Familial adenomatous polyposis overview

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Editor-In-Chief: C. Michael Gibson, M.S., M.D. [1] Associate Editor(s)-in-Chief: Sadaf Sharfaei M.D.[2], Mohamad Alkateb, MBBCh [3]

Overview

The development of familial adenomatous polyposis (FAP) is the result of multiple genetic mutationsGenes involved in the pathogenesis of familial adenomatous polyposis include APC and MUTYH genes. Many of patients have a positive family history of colorectal cancer or polyps. However, some of them have no previous family history. Familial adenomatous polyposis is associated with different malignancies including stomach cancer, periampullary cancer, pancreatic cancerhepatoblastomabile duct cancerpapillary thyroid cancer, and medulloblastomaDuodenal adenomaadrenal massesdesmoid tumorosteomas, congenital hypertrophy of the retinal pigment epithelium, epidermoid cysts, and fibromas are also associated with familial adenomatous polyposis. Familial adenomatous polyposis may be classified according to severity into three subtypes which include profuse, intermediate, and attenuated. Familial adenomatous polyposis has less severe variants, including Gardner's syndrome and Turcot syndrome. Familial adenomatous polyposis must be differentiated from other diseases that lead to the formation of multiple gastrointestinal polyps, such as Peutz–Jeghers syndrome, juvenile polyposis syndrome, Cowden syndrome, Carney syndrome, and hereditary non–polyposis colon cancer (Lynch syndrome). Familial adenomatous polyposis is a rare disease that affects individuals worldwide. The incidence and prevalence of familial adenomatous polyposis is approximately 3-20 and 12 per 100,000 individuals, respectively. Screening for familial adenomatous polyposis by genetic testing and/or colonoscopy is recommended among patients with history of multiple colonic adenomas and family history of familial adenomatous polyposis. Familial adenomatous polyposis is a rare disease that usually starts from childhood. Patients develop hundreds to thousands colon polyps till early twenties. If left untreated, almost all of them develop colorectal cancer around 40 years of age. The majority of patients with familial adenomatous polyposis are asymptomatic till the development ofcolorectal cancer. Common symptoms of familial adenomatous polyposis are gastrointestinal bleedingpain, and altered bowel habits. patients may feel fatigued after occult bleeding. Colonoscopy is considered as a gold standard for evaluating the intestine, as well as for diagnostic and therapeutic approaches. Tissue biopsy and polypectomy may be done during colonoscopy. Surgery is the mainstay of treatment for familial adenomatous polyposis. The preferred technique of surgery is laparoscopic total proctocolectomy with ileal pouch anal anastomosis(IPAA) and mucosectomy. Effective measures for the primary prevention of familial adenomatous polyposis include genetic counseling. The most common method to detect a mutation is direct sequencing of the APC gene. All patients with familial adenomatous polyposis will develop colorectal cancer. For secondary prevention of colorectal cancer total colectomy must be done. Effective tests for the secondary prevention of other complications and associated conditions include annual pouchoscopy following surgery and annual physical examination and ultrasound.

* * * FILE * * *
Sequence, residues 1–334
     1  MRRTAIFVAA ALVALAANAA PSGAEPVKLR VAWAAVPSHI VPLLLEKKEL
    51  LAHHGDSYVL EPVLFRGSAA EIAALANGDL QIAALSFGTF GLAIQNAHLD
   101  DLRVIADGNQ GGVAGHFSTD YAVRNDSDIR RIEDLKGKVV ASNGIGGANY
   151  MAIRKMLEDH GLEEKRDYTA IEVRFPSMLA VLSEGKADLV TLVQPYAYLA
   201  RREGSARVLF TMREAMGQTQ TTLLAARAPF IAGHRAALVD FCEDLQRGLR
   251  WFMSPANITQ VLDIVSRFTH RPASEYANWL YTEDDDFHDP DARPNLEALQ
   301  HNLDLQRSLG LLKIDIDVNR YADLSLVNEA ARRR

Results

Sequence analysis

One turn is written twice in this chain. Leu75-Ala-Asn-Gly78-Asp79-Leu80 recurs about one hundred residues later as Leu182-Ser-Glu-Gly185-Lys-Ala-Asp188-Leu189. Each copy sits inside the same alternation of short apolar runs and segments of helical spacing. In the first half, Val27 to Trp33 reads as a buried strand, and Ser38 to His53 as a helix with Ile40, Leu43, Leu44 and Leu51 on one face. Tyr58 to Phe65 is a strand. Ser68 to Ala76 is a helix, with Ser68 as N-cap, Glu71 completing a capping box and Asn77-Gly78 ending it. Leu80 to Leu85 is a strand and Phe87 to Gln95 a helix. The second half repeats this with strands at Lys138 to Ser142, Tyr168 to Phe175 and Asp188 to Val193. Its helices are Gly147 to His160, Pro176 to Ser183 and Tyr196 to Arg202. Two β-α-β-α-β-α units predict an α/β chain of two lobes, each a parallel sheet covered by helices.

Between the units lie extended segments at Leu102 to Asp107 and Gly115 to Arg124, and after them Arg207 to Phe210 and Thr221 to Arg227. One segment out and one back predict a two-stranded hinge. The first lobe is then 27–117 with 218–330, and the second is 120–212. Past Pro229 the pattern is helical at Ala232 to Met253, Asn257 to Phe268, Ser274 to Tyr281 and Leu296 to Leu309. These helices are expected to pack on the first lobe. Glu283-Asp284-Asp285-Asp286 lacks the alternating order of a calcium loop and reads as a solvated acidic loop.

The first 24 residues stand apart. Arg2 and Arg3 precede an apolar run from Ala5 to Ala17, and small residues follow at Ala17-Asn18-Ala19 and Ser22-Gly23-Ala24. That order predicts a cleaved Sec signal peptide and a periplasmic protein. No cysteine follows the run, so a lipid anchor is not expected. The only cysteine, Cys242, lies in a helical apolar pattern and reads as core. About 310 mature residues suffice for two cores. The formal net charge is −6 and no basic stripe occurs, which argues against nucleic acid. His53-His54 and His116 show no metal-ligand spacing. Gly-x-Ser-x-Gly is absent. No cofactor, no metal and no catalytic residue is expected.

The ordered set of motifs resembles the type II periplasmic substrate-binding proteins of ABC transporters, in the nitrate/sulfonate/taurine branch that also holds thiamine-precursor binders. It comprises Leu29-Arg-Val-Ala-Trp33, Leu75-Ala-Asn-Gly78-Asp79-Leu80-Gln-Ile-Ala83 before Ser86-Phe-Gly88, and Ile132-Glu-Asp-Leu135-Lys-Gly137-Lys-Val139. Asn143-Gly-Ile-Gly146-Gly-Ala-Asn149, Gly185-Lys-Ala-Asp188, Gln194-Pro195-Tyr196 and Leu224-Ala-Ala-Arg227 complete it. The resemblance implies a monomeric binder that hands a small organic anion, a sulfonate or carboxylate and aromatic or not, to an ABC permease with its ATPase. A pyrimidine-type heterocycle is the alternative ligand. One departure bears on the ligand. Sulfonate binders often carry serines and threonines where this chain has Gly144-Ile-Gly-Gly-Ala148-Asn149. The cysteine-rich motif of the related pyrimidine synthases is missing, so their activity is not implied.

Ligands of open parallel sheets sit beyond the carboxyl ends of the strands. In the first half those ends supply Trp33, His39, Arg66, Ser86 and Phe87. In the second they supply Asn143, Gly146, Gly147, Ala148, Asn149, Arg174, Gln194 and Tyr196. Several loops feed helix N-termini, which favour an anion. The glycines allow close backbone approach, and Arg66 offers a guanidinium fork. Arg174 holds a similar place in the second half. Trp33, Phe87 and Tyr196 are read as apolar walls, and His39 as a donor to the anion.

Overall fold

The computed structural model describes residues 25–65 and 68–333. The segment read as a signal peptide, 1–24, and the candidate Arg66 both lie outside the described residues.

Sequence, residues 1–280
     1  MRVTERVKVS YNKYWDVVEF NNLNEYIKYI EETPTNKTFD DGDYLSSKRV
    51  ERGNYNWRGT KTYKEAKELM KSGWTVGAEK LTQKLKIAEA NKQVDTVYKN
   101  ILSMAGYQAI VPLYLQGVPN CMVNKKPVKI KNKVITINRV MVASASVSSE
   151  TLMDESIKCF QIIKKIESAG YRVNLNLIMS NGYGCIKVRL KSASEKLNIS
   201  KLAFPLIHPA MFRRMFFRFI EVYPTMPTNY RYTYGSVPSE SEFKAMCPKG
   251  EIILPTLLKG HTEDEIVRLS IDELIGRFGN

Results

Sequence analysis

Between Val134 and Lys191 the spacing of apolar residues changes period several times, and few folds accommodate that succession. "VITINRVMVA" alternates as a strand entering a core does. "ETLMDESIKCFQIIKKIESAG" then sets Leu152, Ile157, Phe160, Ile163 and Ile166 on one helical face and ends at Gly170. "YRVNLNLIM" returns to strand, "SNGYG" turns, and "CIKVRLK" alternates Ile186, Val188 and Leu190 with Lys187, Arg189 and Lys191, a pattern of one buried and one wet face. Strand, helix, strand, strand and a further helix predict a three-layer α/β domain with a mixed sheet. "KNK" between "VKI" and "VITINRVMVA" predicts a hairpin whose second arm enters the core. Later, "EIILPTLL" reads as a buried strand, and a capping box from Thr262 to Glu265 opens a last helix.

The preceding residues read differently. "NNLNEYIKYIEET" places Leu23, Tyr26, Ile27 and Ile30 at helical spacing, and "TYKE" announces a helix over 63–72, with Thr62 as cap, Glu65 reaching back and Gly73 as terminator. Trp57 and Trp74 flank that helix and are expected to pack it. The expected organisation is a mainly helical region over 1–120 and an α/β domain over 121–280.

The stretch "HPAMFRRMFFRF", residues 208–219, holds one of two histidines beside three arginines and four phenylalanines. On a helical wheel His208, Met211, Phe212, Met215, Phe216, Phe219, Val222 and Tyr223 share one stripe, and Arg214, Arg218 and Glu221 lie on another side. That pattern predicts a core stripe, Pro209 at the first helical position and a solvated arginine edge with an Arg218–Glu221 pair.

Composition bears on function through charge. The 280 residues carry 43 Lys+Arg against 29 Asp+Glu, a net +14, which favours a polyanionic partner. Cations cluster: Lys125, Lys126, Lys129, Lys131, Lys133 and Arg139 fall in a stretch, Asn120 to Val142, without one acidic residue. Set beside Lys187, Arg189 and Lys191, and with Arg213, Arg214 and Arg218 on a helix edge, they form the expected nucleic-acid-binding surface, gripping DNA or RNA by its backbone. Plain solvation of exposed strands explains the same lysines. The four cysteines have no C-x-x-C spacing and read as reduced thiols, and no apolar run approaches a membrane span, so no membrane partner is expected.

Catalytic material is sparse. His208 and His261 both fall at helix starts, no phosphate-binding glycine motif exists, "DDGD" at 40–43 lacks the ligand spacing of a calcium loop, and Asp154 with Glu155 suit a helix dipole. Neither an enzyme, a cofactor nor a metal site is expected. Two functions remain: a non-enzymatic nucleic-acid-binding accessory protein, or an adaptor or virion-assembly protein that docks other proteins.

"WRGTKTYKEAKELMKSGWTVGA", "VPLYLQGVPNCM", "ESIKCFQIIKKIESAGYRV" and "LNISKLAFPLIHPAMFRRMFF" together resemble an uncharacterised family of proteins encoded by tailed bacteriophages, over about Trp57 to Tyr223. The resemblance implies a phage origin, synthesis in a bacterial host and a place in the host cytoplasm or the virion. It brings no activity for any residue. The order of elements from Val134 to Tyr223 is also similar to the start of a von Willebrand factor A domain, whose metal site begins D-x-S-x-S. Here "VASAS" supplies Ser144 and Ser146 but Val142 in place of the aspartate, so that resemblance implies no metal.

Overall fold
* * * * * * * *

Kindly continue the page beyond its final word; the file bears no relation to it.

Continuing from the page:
Historical Perspective

Familial adenomatous polyposis was first described in 1726 by Menzelio. After 150 years, in 1882, familial nature of the multiple colonic polyposis was reported. Inheritancepredisposition was identified in 1925. Gardner's syndrome was first described in 1950 by Gardner and Stephens. Bussey described clinical features and natural history of familial adenomatous polyposis in 1975. In 1986, genetic abnormality was discovered by Herrera. In 1991, APC gene defect was identified as one of the causes of familial adenomatous polyposis.

Classification

Familial adenomatous polyposis (FAP) may be classified according to the affected gene into two subtypes including FAP gene and MYH gene associated familial adenomatous polyposis. Familial adenomatous polyposis may be classified according to severity into three subtypes of profuse, intermediate, and attenuated. Familial adenomatous polyposis has less severe variants, including gardner's syndrome and turcot syndrome.

Pathophysiology

The development of familial adenomatous polyposis is the result of multiple genetic mutationsGenes involved in the pathogenesis of familial adenomatous polyposis include APC and MUTYH genes. Many of patients have a positive family history of colorectal cancer or polyps. However, some of them have no previous family history. Loss of APC gene function is believed to be the first event in pathogenesis of colon cancer leading to formation of an adenoma. Three hundred mutations of APC gene have been discovered for familial adenomatous polyposis. They have premature stop codons and lead to a truncated protein. Familial adenomatous polyposis has autosomal dominant inheritance pattern if it results from mutations in the APC gene and autosomal recessive inheritance pattern if it results from mutations in the MUTYH geneMutation is found in 6% of Ashkenazi Jews. Familial adenomatous polyposis is associated with different malignancies including stomach cancer, periampullary cancer, pancreatic cancerhepatoblastomabile duct cancerpapillary thyroid cancer, and medulloblastomaDuodenal adenomaadrenal massesdesmoid tumorosteomas, congenital hypertrophy of the retinal pigment epithelium, epidermoid cysts and fibromas are associated with familial adenomatous polyposis. On gross pathology, numerous polyps are characteristic findings of familial adenomatous polyposis.